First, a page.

Officials have noted with alarm that General Pervez Musharraf, the Pakistani president, is travelling via China to this weekend's regional summit in Nepal. Beijing, a long-term foe of India's, has played a key role in helping Pakistan to build up its arsenal of nuclear weapons. Asked whether Gen Musharraf's China visit demonstrated that tensions between India and Pakistan could destabilise the wider region, Mr Blair said: "There is a reason why President Bush and I have been speaking regularly over the holiday period. That is because it is a very serious issue with potentially far reaching consequences if the tensions get out of hand."

    His remarks indicated that his discussions with Mr Bush went well beyond Afghanistan and tensions on the Indian subcontinent to encompass wider questions about world stability. Colin Powell, the US secretary of state, is so alarmed by the Kashmir dispute that he has told British officials he fears another Arab-Israeli conflict. There is no immediate fear that China would launch any attacks. But clear Chinese support for Pakistan would alarm India and further destabilise the region.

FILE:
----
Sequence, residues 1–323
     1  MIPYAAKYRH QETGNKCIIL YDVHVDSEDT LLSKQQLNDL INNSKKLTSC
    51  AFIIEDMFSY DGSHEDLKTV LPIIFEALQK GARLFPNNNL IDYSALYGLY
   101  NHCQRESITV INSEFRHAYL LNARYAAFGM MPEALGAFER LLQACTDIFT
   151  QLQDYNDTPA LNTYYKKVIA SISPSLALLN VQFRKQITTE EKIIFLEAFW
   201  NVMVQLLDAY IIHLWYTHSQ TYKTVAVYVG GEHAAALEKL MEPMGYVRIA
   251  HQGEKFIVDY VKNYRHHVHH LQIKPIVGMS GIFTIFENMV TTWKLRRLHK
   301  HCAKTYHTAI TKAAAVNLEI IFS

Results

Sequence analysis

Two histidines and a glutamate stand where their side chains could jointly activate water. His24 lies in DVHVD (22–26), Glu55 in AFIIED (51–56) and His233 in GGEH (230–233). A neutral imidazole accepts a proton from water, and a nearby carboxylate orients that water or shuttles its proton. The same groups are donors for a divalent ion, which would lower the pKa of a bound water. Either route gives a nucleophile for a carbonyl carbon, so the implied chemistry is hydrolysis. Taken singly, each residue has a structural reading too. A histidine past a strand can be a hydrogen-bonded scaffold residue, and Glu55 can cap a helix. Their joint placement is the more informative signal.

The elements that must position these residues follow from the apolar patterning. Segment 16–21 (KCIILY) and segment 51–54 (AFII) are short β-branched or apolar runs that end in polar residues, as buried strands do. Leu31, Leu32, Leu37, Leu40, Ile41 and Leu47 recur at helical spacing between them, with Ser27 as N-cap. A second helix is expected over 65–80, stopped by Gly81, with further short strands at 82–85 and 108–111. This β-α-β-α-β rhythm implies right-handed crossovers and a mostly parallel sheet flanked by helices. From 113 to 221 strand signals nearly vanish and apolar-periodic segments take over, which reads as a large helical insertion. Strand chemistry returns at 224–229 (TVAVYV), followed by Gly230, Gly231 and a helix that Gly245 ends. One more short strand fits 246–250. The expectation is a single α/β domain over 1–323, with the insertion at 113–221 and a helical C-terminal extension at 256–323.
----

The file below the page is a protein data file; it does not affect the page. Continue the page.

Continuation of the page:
During his stop in Beijing last night, Gen Musharraf was reported to have told Premier Zhu Rongji he was willing to work to ease tensions with India through dialogue. "Pakistan hopes for peace, opposes war, and is willing to work to ease the tensions through dialogue," Xinhua news agency quoted him as saying.

    Mr Blair said he would deliver tough messages in separate talks with Gen Musharraf and Atal Bihari Vajpayee, the Indian prime minister. "I cannot start telling each country how to run their own affairs," he said. "But of course what we want is for the Pakistani side to act against terrorism. On the Indian side - to try to de-escalate tension... It is very important that, given the military capability of both powers, we do everything we possibly can to calm the situation."